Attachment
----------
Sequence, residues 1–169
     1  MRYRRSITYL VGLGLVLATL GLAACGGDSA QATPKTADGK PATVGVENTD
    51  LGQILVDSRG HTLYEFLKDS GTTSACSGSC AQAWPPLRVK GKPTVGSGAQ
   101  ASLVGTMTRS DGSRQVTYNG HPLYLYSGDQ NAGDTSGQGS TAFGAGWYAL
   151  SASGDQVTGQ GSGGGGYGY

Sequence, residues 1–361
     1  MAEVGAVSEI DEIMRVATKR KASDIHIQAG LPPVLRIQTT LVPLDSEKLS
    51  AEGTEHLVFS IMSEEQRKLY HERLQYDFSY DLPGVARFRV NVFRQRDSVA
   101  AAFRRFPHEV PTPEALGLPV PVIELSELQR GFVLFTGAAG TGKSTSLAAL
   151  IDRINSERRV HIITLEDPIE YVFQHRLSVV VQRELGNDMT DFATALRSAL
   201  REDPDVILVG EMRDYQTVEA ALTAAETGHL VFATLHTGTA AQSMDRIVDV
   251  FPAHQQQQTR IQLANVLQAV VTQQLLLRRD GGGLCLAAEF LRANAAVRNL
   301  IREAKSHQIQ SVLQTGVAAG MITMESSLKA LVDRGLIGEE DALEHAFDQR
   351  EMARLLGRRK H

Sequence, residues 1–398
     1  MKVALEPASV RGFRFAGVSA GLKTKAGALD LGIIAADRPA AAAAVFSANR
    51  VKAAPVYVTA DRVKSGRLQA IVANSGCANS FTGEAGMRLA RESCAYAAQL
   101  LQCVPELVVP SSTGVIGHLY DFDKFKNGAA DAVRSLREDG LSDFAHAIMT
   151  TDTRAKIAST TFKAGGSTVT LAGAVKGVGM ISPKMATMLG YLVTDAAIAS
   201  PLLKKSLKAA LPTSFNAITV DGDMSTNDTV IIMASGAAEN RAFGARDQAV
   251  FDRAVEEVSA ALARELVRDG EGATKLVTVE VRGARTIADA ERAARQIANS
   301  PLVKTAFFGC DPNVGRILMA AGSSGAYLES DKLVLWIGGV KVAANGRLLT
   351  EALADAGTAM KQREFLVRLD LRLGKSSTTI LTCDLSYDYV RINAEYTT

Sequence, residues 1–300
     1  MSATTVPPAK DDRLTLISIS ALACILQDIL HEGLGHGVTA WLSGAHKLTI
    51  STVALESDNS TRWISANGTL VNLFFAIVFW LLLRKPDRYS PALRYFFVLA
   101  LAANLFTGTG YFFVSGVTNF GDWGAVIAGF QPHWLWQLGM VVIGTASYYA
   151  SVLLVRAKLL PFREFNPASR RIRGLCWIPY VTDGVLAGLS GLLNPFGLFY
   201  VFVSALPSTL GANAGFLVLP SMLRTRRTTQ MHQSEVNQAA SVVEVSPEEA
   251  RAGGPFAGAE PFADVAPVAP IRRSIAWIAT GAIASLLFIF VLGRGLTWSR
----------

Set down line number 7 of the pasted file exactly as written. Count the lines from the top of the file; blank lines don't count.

     1  MAEVGAVSEI DEIMRVATKR KASDIHIQAG LPPVLRIQTT LVPLDSEKLS